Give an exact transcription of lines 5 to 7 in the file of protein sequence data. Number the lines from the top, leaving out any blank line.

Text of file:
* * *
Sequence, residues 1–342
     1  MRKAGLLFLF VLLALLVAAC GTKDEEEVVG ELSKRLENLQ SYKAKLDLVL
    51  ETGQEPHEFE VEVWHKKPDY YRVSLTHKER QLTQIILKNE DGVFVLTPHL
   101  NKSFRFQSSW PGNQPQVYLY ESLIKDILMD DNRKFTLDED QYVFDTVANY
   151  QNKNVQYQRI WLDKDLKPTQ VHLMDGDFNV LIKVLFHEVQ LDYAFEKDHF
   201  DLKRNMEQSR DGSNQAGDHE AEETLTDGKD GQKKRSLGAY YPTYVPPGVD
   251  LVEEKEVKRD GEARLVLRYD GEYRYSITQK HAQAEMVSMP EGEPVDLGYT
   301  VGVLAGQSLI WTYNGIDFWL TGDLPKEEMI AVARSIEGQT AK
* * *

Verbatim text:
   151  QNKNVQYQRI WLDKDLKPTQ VHLMDGDFNV LIKVLFHEVQ LDYAFEKDHF
   201  DLKRNMEQSR DGSNQAGDHE AEETLTDGKD GQKKRSLGAY YPTYVPPGVD
   251  LVEEKEVKRD GEARLVLRYD GEYRYSITQK HAQAEMVSMP EGEPVDLGYT